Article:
Cash flow from investment activities 0


-528 320

-499 908

-2 776


5 800

3 394

-525 296

-496 661

Payments for purchases of tangible assets Net cash flow, short-term investments Payments for purchases of financial fixed assets Received from sales of financial fixed assets Net cash flow from investment activities

-13 129

-5 129

-497 724

-304 091

-2 756


2 450

6 163

-511 159

-303 057

-33 460

Cash flow from financing activities 0


Dividends paid

-72 920



Change non-current commitments and liabilities

-49 704

-2 836



Payments of equity to/from minority interests


-24 066



Net cash flow from financing activities

-123 353

-60 362

-97 898

74 242

Net change in bank deposits

339 495

87 277

144 870

46 972

Bank deposits in hand at 1 Jan.

1 235 582

1 148 305

46 972

121 214

Bank deposits in hand at 31 Dec.

1 575 077

1 235 582

30 Pareto Annual Report 2013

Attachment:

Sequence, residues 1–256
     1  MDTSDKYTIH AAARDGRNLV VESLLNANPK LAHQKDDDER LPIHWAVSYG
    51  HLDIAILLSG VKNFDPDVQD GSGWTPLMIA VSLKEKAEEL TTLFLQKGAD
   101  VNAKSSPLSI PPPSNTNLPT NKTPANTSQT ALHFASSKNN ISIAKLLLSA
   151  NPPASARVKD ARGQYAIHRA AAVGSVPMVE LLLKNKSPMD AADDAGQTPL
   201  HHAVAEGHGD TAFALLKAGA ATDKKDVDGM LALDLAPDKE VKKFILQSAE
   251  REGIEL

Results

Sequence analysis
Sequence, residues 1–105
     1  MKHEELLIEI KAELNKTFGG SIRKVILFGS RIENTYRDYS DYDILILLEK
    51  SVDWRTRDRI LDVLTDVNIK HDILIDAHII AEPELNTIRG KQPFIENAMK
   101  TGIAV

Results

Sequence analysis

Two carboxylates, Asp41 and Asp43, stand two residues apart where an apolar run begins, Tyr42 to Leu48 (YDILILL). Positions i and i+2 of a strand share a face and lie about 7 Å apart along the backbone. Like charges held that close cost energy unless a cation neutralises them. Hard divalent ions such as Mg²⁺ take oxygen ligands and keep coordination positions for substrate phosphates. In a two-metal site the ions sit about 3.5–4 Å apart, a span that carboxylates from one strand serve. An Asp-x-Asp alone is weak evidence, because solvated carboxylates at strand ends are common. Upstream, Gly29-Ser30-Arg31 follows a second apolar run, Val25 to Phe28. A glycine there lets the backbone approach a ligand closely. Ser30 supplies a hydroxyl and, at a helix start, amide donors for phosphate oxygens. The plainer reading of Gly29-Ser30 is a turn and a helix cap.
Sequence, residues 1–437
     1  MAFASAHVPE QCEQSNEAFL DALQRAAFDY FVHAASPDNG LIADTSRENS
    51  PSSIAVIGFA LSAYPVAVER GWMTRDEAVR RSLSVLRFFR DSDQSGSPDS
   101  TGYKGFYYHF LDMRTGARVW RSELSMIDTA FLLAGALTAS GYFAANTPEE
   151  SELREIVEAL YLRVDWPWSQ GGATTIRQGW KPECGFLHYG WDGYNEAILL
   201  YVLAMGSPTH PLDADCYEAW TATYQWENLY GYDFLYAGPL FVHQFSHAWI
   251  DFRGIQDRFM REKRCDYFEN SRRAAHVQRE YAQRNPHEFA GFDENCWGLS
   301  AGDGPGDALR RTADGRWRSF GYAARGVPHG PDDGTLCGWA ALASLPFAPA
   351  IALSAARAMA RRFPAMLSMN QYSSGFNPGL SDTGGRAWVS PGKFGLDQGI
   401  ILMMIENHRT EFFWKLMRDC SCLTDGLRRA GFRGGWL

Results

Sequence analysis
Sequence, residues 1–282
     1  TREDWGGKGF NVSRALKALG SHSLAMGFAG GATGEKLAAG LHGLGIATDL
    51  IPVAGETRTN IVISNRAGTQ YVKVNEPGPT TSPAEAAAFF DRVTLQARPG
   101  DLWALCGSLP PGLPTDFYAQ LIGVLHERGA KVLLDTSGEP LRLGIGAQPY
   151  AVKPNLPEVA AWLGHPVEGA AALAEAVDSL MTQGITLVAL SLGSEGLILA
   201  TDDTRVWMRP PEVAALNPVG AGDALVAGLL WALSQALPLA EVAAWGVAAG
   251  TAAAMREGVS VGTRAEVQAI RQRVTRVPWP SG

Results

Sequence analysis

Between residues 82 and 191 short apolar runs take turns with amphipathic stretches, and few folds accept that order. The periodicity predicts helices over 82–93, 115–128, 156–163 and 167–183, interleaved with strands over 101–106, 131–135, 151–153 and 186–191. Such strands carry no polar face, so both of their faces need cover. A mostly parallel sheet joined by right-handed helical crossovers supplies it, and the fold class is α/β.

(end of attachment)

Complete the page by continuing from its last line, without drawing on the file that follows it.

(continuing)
Notes to the Accounts Note 1 Group structure • Pareto AS owns 75.0 per cent of Pareto Securities AS, 85.2 per cent of Pareto Project Finance AS, 83.2 per cent of Pareto Forvaltning AS, 100 per cent of Pareto Bassøe Shipbrokers AS, 100 per cent of Pareto Commodity AS, 100 per cent of Pareto JGO Shipbrokers AS, 100 per cent of Pareto Forsikringsmegling AS, 100 per cent of Pareto Wealth Management AS, 100 per cent of Gazza Eiendom AS, 100 per cent of Pareto Online AS, 100 per cent of Pareto Nordic Investments AS, 100 per cent of Vilfredo Kapitalforvaltning AS. • Pareto Securities AS owns 100 per cent of Pareto Securities AB, 100 per cent of Pareto Securities Inc, 100 per cent of Pareto Shipping AS, 100 per cent of Pareto Securities Asia Pte Ltd, 100 per cent of Pareto Securities Representacão Ltda, 87.0 per cent of Pareto Offshore AS, 70.0 per cent of Pareto Securities Oy and 60.0 per cent of North Atlantic Seafood Forum AS. • Pareto Project Finance AS owns 100 per cent of Pareto Business Management AS, Pareto Eiendom AS, Pareto Maritime Services AS and Pareto Project (Asia) Pte. Ltd. • Pareto Bassøe Shipbrokers AS owns 100 per cent of P.F. Bassøe AS and Pareto Dry Cargo AS. • Pareto Commodity AS owns 100 per cent of Pareto Commodity Consulting AS. • Pareto Forsikringsmegling AS owns 100 per cent of Pareto Forsikringsrådgivning AS. Consolidation principles Investments in subsidiaries are valued at procurement cost. In the consolidated accounts, the cost price of shares in the subsidiaries is eliminated against the share capital in the subsidiaries at the time of purchase. Inter-company transactions, receivables and debts as of 31 December are eliminated in the consolidated accounts. Investments by subsidiaries in companies that are the principals in internal partnerships in which the principal holds a small ownership interest, for example 1 per cent, are valued in the consolidated accounts at cost. Accounting principles The annual accounts are prepared in accordance with the rules provided for in the Norwegian Accountancy Act. Income items are recognised as earned and when claims for payment arise. Income is recognised at the value of the payment at the time of the transaction. Assets intended for permanent ownership or use are classified as non-current. Other assets are classified as current assets. Receivables payable within one year are classified as current assets. Corresponding criteria are applied for classifying current and non-current liabilities. Fixed assets are valued at procurement cost, but are written down to their real value when a drop in value is not expected to be temporary. Assets with a limited economic life are depreciated systematically. Long-term loans are entered in the balance sheet at the nominal sum received at the time of establishment of the loan. Investments in companies in which the company owns between 20 and 50 per cent and has a significant influence, are reported according to the equity method. Current assets are valued at whichever is the lower of procurement cost and fair value. Current liabilities are entered in the balance sheet at the nominal sum received at the time of establishment. Current liabilities are not written up to their fair value as a consequence of changes in interest rates. Some items are valued according to other principles, as explained below. The operational subsidiaries are principals in their respective internal partnerships. Accounts for the internal partnerships are incorporated in the principals’ accounts, based on gross values. Silent partners’ shares of the internal partnerships’ profits are debited as personnel costs and other financial expenses, respectively. Debts to silent partners are recorded under other current liabilities. Provisions for bad debts are based on an assessment of the individual receivable. In addition, a provision is made to cover estimated losses on other trade receivables. Financial instruments in the trading portfolio that are traded on an efficient market are valued at their fair value as of the balance sheet date. Other financial instruments are valued at whichever is the lower of the average procurement cost and fair value as of the balance sheet date. The group companies introduced a defined contribution pension scheme in 2006. Contribution plans are accrued according to the matching principle. Tax cost is matched with the pre-tax book profit. Tax related to equity transactions is offset against equity. Tax cost consists of payable tax, change in deferred tax and reimbursements pursuant to the Tax Act. Monetary items in foreign currencies are translated at the rate of exchange applicable on the balance sheet date.